By MATT COMBS
SUMMERSVILLE, W.Va. — U.S. Sen. Joe Manchin, D-W.Va., paid a visit to the Summersville American Legion space below city hall Monday afternoon, part of his Thanksgiving Tour.
While the beginning of his visit was dedicated to a recitation of Senate Resolution 335, which named the week of Nov.19-25 as National Family Week, a resolution for which the greater American Legion pushed for many years, his discussion with the crowd of mostly aging veterans covered matters impacting family, but a wide range of topics as well.
“I don’t know what to tell you guys; there’s a lot going on,” Manchin said.
“We’ve lost a whole generation of parents for one reason or another,” Manchin said, alluding to the nation’s opioid crisis.
Manchin told the gathered seniors that he had been told the story earlier in the day of a 70-year-old couple raising an 8-month-old baby.
“I can tell you as a 70-year-old grandfather, we’re not made for that,” Manchin said.
While never directly tying drug addiction to the rise in grandparents caring for grandchildren, Manchin did name addiction as one of the biggest factors leading to unemployment in the state.
Manchin told the audience that last year the state held 25 job fairs.
“At the end of the day, from all of them the whole year, 10,000 jobs were unfulfilled,” Manchin said. “People tell me there’s no work in West Virginia. We have plenty of work, we just don’t do a good job of connecting the dots.”
Manchin listed three main reasons for that difficulty — addiction, convictions and a lack of skill sets, or a combination of all three.
“We’re getting hit harder than most states,” the Senator added.
During the discussion, Manchin named the national debt as the greatest threat to national security.
From that perspective, Manchin told the audience of his objection to current tax cut proposal making its way through Congress.
While Manchin announced that as a Democrat he has not seen the Senate’s tax cut bill, and will not until Monday, using the projection of the Congressional Budget Office that such a tax cut would add $1.5 trillion to the national debt, Manchin argued that the cut was not the most fiscally conservative thing to do. He added that any major policy changes should be done on a bipartisan basis.
“Both sides are at fault,” Manchin said, adding that Congressional Democrats pushed through health care reform without one Republican vote, a reverse of the current climate in Congress.
“You should never have major policy changes in this country without a bipartisan buy-in,” Manchin said.
While Manchin outlined the Republican belief that a tax cut would lead to growth in the overall economy, the senator said that he believes that the economy is doing fine, citing a record stock market and unemployment hovering around 4 percent.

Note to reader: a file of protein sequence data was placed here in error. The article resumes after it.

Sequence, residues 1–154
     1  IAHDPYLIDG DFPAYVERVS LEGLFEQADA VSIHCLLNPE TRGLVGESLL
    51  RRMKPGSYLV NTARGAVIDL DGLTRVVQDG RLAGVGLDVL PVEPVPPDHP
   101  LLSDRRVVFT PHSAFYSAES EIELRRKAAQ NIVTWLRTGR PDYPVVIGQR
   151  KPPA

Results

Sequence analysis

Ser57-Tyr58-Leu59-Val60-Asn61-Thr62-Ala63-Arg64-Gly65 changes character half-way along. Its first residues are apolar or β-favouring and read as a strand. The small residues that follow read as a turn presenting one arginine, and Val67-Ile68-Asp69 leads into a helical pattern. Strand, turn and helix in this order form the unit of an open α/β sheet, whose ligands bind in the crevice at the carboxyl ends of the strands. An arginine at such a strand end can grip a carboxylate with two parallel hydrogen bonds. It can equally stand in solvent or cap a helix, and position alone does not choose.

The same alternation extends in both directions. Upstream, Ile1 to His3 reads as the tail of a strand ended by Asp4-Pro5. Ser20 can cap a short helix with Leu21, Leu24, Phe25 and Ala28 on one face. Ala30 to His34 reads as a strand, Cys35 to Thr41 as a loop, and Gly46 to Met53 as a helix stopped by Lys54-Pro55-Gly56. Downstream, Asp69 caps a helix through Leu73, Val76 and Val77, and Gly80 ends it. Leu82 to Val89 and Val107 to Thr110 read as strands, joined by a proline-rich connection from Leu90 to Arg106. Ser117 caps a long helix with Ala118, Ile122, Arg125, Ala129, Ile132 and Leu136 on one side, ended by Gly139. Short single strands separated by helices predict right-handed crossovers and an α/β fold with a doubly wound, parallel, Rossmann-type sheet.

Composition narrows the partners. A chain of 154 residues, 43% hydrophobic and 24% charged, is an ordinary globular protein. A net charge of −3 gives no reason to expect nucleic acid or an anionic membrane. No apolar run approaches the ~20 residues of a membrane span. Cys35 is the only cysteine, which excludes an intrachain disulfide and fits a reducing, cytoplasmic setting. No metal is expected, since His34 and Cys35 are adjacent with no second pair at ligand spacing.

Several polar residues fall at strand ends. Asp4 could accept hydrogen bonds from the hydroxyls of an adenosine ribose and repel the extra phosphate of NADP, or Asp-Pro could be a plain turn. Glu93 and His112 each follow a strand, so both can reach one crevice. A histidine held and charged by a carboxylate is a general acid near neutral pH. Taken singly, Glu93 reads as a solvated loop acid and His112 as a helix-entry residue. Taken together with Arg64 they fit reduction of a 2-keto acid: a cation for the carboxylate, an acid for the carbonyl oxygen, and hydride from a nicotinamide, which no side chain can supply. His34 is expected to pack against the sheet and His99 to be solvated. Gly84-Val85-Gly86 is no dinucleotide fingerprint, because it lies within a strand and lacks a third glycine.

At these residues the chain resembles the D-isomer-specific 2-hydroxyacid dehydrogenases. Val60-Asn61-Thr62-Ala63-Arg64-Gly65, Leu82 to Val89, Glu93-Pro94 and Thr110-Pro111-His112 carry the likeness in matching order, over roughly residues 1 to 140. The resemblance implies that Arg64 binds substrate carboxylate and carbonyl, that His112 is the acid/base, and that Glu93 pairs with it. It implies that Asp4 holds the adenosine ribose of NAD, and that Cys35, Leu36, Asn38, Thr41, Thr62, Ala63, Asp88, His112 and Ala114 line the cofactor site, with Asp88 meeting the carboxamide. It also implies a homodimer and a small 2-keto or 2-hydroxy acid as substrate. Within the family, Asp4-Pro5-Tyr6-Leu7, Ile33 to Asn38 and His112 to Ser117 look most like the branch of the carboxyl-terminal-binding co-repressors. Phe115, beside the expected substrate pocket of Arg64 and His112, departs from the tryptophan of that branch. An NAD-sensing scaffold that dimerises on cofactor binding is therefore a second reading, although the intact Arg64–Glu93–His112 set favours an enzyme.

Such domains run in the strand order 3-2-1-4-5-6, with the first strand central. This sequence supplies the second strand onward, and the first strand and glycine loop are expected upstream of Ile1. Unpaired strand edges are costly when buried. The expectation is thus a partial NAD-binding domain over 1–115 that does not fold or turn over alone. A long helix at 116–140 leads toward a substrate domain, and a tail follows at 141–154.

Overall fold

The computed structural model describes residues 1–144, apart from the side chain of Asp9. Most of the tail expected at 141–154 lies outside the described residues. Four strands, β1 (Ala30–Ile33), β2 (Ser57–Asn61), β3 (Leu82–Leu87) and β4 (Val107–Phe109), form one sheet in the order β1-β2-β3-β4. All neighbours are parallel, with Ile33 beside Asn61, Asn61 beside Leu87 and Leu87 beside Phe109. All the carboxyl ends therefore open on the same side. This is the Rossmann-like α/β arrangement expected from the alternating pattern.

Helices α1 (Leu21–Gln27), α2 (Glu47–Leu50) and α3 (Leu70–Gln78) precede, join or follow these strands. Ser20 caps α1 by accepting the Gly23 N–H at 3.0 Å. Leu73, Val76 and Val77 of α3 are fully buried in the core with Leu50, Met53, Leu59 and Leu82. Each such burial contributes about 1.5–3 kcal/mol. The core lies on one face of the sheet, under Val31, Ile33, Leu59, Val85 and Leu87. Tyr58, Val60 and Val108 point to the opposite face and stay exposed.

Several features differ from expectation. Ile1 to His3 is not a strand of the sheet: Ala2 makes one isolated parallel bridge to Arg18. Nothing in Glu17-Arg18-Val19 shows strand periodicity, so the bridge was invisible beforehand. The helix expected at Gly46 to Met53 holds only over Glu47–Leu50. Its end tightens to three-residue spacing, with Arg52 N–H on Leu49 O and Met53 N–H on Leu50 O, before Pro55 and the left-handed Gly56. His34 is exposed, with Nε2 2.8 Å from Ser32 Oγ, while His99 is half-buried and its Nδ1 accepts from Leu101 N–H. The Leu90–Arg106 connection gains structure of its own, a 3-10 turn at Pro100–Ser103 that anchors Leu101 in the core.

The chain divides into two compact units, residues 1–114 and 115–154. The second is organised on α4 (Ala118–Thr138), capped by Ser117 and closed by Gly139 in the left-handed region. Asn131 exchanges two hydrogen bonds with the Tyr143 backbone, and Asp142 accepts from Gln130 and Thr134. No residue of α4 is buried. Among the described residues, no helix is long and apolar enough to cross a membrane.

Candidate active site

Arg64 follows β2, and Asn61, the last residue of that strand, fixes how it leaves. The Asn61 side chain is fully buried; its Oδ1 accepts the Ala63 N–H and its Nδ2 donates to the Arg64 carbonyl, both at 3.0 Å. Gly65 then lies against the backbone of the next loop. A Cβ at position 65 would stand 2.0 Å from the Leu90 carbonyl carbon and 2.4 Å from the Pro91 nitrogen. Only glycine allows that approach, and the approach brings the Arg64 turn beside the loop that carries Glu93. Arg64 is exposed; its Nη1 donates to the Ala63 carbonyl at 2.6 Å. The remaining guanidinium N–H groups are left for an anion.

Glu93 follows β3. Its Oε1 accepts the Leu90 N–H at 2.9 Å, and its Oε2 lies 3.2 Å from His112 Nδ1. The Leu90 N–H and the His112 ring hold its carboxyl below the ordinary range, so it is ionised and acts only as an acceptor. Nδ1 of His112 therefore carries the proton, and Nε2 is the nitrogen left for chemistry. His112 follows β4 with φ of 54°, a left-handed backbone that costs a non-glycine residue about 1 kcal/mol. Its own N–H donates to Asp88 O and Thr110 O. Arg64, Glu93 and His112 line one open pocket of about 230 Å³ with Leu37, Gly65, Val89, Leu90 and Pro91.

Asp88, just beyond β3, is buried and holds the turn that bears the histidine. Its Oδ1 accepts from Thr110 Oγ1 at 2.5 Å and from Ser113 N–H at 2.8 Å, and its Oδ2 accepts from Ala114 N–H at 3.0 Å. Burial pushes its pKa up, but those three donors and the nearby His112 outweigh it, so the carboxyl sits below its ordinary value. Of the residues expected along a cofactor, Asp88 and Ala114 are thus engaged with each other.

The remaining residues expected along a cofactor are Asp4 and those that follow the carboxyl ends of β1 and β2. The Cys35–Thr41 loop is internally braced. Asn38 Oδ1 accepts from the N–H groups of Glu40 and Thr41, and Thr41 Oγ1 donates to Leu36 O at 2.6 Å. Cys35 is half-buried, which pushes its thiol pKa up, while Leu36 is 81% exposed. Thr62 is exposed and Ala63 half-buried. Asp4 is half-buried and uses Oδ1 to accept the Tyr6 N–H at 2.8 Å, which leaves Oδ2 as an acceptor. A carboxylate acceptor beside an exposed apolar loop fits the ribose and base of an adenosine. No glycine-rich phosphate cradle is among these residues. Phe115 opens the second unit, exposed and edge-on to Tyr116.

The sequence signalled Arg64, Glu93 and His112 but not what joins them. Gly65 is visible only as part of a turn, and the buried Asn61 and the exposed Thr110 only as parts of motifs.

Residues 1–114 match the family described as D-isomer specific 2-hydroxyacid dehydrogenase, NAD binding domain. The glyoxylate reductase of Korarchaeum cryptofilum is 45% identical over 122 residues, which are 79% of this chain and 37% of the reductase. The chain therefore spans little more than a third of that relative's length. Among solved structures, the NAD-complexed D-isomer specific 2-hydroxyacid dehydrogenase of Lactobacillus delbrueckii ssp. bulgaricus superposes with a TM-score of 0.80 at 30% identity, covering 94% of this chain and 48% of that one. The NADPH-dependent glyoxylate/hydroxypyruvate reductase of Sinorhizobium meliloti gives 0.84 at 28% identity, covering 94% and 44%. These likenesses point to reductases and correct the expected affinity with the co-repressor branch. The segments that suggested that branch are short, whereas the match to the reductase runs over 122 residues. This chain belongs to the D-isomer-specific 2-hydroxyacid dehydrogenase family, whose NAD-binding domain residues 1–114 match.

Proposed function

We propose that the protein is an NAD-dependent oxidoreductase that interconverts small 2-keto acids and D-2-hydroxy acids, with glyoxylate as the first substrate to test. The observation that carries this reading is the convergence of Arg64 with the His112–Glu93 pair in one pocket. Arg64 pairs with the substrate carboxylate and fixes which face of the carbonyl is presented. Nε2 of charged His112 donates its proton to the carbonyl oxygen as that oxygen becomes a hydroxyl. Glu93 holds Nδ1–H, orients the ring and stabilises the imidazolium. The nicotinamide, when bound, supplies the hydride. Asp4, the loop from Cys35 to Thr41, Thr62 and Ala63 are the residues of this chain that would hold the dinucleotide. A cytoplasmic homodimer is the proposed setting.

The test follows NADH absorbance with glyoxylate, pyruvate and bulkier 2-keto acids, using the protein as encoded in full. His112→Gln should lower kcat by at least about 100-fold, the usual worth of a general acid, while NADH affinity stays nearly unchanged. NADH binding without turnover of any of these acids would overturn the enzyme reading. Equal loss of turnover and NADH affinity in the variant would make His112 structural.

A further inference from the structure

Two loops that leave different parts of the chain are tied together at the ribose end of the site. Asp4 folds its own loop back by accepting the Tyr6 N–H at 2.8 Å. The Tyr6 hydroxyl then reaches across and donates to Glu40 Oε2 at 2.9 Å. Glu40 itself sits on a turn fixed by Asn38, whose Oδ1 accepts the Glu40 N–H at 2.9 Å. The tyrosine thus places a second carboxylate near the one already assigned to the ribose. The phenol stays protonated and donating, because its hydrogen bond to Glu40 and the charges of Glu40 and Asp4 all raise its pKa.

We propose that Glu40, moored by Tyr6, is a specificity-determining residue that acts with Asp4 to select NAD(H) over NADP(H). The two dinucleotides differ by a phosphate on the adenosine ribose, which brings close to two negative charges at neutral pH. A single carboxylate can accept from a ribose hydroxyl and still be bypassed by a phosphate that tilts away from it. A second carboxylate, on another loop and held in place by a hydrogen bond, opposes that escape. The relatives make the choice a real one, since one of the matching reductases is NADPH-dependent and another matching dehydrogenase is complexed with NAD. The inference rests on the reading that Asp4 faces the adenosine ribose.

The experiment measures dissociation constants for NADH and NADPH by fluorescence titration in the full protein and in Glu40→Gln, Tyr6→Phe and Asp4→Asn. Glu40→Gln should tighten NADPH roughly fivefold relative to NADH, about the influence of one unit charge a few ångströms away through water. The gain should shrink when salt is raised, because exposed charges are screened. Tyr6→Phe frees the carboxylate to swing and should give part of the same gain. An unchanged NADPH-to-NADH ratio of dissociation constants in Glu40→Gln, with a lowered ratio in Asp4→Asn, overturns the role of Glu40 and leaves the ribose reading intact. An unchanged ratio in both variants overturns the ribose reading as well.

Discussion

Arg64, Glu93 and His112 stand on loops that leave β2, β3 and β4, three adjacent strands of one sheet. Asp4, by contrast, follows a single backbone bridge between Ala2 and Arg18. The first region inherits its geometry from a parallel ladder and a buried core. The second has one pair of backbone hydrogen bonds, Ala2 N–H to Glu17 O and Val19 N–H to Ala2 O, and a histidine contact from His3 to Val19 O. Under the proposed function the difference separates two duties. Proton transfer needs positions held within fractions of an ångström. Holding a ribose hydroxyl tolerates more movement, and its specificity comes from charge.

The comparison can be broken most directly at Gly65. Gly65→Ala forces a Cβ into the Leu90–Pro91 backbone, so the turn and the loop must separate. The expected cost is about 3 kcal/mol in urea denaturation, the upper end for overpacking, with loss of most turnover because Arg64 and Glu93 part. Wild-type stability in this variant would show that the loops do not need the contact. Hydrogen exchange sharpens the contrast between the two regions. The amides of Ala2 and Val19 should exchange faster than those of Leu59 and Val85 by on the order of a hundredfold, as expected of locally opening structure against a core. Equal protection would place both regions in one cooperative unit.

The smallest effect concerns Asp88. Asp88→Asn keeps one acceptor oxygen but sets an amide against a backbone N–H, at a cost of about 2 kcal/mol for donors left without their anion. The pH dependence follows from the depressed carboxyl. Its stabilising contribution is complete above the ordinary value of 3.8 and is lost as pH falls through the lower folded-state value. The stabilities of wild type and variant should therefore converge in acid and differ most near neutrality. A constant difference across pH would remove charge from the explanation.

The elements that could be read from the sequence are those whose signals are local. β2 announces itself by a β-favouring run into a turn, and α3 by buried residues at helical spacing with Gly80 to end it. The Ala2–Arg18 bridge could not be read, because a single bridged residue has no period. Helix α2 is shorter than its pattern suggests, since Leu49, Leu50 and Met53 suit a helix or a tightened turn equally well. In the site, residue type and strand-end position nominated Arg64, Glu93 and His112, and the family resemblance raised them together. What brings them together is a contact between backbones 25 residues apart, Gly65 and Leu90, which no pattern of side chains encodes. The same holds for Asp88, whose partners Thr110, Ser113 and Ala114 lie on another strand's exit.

Manchin also asked the crowd if there were a sudden rush to fill jobs to fill a bolstered economy as Republicans believe, how those jobs will be filled.
“I don’t know where you’re going to find the workers once it takes off,” Manchin said before circling around to the previously mentioned job fairs. “I can’t find 10,000 workers in West Virginia.”
The senator told the crowd that during his questioning of earlier crowds that most everybody who answered was worried about living paycheck to paycheck.
While Manchin praised those working every day to make a living, he questioned the government’s role in providing income to those who are physically able to work.
“There’s more incentive not to work than there is to work,” Manchin said.
While the senator noted that Americans are a compassionate people, he called for some change in the way the nation hands out the dole.
“Everyone else in between has to pick up the load and work a little bit,” Manchin said of those who are able to work, but simply are not.
When the audience brought up the over-reliance of sending young people to a four-year college or university and the increased college debt leading to a brain drain from the Mountain State to pay off college loans, Manchin told the audience that he has been working with retired Gen. Stanley McChrystal on a loan forgiveness program.
According to Manchin, the proposal he is working on with McChrystal wouldn’t quite go that far.
Manchin said that plan would provide the same federal loans that college students receive today and if the student finishes college on time and then completes two-years of national service after graduation, then their loan debt would be forgiven.
The senator added that college students today enter higher learning with no sense of financial literacy and aren’t compelled to finish college on time.
“We’re the worst, and I’ve said this in Washington, we’re the worst country in holding people accountable,” Manchin said.
He then went on to international matters.
While Manchin said that Russia is an adversary, particularly as it comes to cyber-warfare, he named China as the greatest foreign threat to the United States.
Manchin highlighted China’s use of intellectual sabotage and theft, particularly the example of the F-35 project as an example, and the Asian nation’s trade policies.
While Manchin said he was hopeful that any new trade deals with China would benefit West Virginia and the country as a whole, he said he still remains fearful of the Asian power’s endgame and warned against giving China any control of American resources that benefit national security.
Circling back to Washington, Manchin told the crowd that his role as senator is to get things done, no matter whom the nation chooses to fill the Executive branch.
“I will say this, we’re the only country that can fix these problems,” Manchin said. “But there has to be some stability in Washington. We can’t have this fighting between just political parties for the sake of a Democrat hating a Republican or a Republican hating a Democrat.”
Email: [email protected]; follow on Twitter @mattcombsRH
See more from The Register-Herald